Euplectella aspergillum Venus flower basket was first described by Sir Richard Owen, in 1841 in the Transactions of the Zoological Society.
Sir Richard Owen was the first Director of the Natural History Museum when it moved to South Kensington and the man who coined the term “dinosaur”.
The type specimen of the sponge was actually collected by Hugh Cuming, one of the leading conchologists of his day, whose collection was purchased by the Museum in 1866, at some time during his voyage to the Philippine Islands (1836-1840). Unfortunately Cuming’s journals for this voyage were lost and so we can only hazard a guess as to when the specimen was collected.
In a letter Cuming wrote to Owen from Manila on 1 November 1837, he said…” I trust you will be pleased with my labours, don’t say I have been idle. I have now collected 1809 species of shells, 1900 do [ditto] plants, you know the rest, all in 13 months work…” So it seems possible that the sponge was collected during this period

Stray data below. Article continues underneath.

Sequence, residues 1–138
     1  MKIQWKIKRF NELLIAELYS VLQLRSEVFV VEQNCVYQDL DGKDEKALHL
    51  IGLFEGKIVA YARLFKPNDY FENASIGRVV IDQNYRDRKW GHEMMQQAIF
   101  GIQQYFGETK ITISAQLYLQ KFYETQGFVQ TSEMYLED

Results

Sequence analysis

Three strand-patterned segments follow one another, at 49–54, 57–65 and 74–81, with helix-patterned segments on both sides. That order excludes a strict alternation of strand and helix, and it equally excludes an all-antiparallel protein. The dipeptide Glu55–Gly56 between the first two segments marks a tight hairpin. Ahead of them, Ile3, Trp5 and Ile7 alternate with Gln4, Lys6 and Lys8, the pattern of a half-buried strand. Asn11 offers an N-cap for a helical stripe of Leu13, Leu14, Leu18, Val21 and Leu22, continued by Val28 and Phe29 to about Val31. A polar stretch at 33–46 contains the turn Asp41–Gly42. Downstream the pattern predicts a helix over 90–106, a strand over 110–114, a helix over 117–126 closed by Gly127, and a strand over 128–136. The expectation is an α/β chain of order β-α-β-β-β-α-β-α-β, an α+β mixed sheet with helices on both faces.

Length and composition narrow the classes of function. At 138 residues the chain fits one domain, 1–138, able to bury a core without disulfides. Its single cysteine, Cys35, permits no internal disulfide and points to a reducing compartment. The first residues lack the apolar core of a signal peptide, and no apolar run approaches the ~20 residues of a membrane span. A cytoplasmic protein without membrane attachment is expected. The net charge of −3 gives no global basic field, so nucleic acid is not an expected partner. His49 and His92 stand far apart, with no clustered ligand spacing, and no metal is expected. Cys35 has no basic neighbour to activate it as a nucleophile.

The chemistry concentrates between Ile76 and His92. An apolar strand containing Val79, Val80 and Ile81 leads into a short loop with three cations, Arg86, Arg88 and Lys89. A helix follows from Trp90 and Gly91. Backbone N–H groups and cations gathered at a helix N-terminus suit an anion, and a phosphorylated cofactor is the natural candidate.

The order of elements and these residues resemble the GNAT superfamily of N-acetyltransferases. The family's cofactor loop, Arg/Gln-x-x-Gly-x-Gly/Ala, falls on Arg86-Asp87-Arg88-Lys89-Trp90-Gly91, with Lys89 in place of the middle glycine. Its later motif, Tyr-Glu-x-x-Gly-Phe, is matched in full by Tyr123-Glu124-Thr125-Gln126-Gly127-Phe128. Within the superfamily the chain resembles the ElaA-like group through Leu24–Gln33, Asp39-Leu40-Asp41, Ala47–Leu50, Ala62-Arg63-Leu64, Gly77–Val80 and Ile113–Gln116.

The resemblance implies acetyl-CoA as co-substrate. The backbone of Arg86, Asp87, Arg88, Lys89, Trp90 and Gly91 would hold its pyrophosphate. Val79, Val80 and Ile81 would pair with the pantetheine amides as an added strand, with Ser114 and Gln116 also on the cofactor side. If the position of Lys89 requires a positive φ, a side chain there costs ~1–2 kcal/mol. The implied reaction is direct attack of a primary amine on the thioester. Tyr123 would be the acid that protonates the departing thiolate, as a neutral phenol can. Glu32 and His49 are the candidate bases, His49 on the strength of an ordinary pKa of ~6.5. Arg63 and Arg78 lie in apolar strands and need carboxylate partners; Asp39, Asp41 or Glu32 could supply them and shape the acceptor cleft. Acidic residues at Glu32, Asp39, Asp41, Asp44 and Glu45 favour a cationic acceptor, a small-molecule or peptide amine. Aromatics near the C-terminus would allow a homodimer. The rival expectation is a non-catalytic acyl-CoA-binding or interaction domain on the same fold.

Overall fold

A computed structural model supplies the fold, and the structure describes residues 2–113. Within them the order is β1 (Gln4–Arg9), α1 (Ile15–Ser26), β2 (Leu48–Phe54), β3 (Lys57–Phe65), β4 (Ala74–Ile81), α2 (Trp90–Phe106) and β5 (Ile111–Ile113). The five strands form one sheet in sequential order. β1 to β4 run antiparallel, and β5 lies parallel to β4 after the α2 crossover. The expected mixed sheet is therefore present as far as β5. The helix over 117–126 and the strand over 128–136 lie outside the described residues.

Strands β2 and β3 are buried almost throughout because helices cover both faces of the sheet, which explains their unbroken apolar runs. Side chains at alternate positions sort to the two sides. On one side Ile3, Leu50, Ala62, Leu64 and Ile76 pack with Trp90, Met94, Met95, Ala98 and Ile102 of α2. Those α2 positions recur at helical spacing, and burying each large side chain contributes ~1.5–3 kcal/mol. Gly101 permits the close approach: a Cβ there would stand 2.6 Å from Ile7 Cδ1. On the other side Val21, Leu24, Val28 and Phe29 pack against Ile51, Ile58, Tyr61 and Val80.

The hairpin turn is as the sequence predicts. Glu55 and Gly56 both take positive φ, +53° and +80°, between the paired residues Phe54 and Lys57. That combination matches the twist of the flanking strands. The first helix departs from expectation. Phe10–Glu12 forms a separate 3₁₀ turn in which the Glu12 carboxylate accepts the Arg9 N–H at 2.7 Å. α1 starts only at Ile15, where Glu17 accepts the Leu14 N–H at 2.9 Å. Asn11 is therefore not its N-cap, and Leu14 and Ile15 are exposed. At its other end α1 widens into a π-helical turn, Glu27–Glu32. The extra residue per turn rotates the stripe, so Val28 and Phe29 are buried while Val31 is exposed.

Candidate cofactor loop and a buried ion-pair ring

Conchologists is a person who studies the branch of zoology that deals with the study of molluscs, specifically their shells.
Type specimen is a specimen selected to serve as a reference point when a species is first named. As a result, these specimens are extremely important to scientists who are attempting to determine the correct application of a name.
Holotype is the single specimen which is used to define the characteristics for a new species by an author and is therefore designated as the type specimen by the author at the time of publication of that description.